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Innovative Power Device to Support Intermediate Bus Architecture Designs

Jeffrey A. Ham, Douglas Ping Vicor Corporation, 25 Frontage Road, Andover MA, 01810 Tel.: 978-749-3390 Fax: 978.749.3341 E-mail:

For a majority of applications implemented today, the Intermediate Bus Architecture (IBA) has become the preferred power architecture. This power architecture has led to the development of the isolated, semi-regulated DC/DC converter known as the Intermediate Bus Converter (IBC). IBCs are an improvement to the standard regulated Brick DC/DC module, yet system requirements continue to evolve and are pushing the limits of these power devices. A new generation of IBC products, called Bus Converter Modules TM (BCMs), has been developed to address these challenges.

Bulk AC/DC Power Supply 48Vdc Bus (Typ)

Distributed Power Architecture (DPA)

Brick Load 1 Load 2 Load 3 Load 4 Load 5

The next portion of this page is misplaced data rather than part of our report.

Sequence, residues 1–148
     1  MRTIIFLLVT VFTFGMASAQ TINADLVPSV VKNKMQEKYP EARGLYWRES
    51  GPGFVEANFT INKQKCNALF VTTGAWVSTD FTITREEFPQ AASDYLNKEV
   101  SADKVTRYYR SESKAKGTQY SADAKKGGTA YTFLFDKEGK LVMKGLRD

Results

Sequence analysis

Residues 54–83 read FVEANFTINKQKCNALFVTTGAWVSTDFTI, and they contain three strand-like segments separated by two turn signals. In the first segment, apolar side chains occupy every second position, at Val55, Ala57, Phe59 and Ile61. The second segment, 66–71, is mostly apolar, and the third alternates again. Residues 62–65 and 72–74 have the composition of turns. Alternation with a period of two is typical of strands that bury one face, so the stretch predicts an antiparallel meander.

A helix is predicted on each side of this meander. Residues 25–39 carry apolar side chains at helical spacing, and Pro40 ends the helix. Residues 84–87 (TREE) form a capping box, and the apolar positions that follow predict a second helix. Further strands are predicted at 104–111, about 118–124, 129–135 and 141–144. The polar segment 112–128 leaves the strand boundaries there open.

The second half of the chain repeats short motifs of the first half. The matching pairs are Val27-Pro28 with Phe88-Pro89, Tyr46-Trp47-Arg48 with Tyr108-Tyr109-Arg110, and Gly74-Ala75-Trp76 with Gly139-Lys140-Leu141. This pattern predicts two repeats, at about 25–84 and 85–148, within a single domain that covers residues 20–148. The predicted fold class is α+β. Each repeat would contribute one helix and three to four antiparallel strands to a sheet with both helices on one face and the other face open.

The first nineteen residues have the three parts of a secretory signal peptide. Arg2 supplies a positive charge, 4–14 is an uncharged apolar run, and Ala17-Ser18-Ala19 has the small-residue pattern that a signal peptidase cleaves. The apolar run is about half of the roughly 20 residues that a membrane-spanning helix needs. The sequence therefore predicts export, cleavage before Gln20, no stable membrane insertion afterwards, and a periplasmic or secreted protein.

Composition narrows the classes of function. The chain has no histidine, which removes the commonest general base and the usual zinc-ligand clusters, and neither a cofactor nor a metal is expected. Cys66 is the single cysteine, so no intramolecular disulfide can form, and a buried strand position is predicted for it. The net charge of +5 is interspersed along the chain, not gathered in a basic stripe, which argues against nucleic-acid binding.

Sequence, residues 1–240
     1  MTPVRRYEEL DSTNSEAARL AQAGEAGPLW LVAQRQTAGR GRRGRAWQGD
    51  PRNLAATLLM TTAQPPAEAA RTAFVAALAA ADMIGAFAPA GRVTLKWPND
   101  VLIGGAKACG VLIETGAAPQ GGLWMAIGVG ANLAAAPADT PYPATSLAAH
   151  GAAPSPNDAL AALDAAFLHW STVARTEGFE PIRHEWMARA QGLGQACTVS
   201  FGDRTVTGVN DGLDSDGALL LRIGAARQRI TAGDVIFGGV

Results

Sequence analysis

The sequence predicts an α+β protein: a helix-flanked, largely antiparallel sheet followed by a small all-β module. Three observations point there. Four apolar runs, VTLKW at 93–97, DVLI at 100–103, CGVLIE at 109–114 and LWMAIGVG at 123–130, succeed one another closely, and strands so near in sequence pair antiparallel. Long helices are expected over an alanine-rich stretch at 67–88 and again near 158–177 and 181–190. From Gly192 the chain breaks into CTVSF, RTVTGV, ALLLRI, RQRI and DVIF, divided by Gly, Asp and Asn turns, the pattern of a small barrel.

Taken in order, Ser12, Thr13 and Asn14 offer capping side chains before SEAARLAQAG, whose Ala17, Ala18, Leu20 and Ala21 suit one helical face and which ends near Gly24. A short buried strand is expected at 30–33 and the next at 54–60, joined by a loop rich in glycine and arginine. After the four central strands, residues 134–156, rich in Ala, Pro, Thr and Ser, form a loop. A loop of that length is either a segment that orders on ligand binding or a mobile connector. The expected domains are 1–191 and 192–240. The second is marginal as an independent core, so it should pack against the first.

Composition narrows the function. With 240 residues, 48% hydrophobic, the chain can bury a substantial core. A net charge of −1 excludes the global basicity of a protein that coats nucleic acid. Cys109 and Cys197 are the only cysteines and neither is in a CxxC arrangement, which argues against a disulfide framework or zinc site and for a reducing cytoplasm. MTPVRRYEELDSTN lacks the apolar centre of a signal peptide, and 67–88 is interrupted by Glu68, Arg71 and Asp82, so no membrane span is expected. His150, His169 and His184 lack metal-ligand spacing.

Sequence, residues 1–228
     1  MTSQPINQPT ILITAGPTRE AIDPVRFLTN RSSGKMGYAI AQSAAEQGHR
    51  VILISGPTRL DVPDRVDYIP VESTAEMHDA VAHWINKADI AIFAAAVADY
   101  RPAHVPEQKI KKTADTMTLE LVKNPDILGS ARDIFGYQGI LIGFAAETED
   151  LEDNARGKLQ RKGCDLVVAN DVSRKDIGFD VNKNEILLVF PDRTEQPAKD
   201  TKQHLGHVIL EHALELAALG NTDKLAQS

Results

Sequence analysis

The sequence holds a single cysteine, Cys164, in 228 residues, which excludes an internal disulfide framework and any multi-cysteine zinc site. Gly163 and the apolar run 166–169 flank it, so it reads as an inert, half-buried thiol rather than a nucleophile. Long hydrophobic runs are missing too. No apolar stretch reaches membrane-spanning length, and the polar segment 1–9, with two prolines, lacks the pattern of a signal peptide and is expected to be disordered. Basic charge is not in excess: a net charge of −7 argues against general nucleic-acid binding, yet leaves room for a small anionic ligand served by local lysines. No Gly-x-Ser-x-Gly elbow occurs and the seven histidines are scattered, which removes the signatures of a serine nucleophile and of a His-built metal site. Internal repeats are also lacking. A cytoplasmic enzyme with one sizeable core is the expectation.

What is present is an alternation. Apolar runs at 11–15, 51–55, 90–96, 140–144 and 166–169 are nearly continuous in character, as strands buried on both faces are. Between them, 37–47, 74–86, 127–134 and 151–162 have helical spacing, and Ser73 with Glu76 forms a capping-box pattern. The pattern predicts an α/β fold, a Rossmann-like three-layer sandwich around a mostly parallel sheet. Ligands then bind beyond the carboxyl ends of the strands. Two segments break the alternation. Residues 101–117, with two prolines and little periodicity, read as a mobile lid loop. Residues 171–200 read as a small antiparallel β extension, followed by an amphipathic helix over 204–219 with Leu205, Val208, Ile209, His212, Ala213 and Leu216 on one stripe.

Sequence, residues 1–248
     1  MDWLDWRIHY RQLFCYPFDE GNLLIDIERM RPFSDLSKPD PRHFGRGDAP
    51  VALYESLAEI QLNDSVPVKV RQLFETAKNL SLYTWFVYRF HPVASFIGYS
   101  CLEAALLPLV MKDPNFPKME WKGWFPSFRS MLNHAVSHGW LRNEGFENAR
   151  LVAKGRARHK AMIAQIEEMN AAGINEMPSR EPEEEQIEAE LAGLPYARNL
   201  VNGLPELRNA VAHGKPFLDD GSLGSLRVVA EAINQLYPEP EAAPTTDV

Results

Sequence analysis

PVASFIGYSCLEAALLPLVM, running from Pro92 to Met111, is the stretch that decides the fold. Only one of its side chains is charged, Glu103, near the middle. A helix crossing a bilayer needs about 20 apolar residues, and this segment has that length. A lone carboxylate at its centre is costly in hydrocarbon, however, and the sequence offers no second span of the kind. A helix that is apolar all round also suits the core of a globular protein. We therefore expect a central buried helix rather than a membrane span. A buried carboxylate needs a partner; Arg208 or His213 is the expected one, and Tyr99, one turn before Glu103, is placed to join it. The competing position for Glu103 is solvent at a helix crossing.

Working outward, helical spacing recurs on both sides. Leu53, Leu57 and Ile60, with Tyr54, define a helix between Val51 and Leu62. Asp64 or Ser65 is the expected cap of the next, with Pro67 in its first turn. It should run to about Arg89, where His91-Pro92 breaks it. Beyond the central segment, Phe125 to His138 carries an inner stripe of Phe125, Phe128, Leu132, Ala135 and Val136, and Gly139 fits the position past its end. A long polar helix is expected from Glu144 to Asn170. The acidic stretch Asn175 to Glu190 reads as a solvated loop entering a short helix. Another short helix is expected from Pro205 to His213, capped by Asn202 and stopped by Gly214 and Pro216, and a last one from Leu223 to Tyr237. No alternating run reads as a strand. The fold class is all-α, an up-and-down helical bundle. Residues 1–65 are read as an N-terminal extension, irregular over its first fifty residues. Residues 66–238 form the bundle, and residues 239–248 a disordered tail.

Since the development of the brick format DC/DC converter over 20 years ago, Distributed Power Architecture (DPA) designs have been the most common power architecture used for point of load regulation. Over the years, system requirements and increased competition have forced system designers to seek alternative solutions for their power devices in order to reduce cost and reduce physical board area. One of the latest power architectures developed to address these issues is the Intermediate Bus Architecture (IBA). IBA utilize one or more brick modules to provide the "upstream" isolation and create a lower intermediate bus voltage (typically 9.6V to 12V) that is then distributed to "downstream" non-isolated Point of Load (niPOL) regulators. The ability to replace many of the larger brick modules with smaller high efficiency niPOLs has led not only to lower component costs but also, in many cases improved overall system performance. Fig. 1 illustrates a typical Distributed Power Architecture and Intermediate Bus Architecture. Early implementations of IBA used standard full, , and brick DC/DC converter modules. The main feature of an IBA is that it separates the DC/DC converter functions of isolation, transformation, and regulation and allocates them to two devices. In this configuration, the Intermediate bus voltage (the bus between the two devices) does not require tight regulation due to the fact that it will be post-regulated using niPOLs. The potential cost savings and efficiency gains achieved by designing a converter to be loosely or non-regulated directly led to the development of the Intermediate Bus Converter (IBC). Although IBCs are an improvement over the use of traditional "brick" converter modules power, size and efficiency demands have continued to escalate fueling the need for a new device adapted to these higher demands.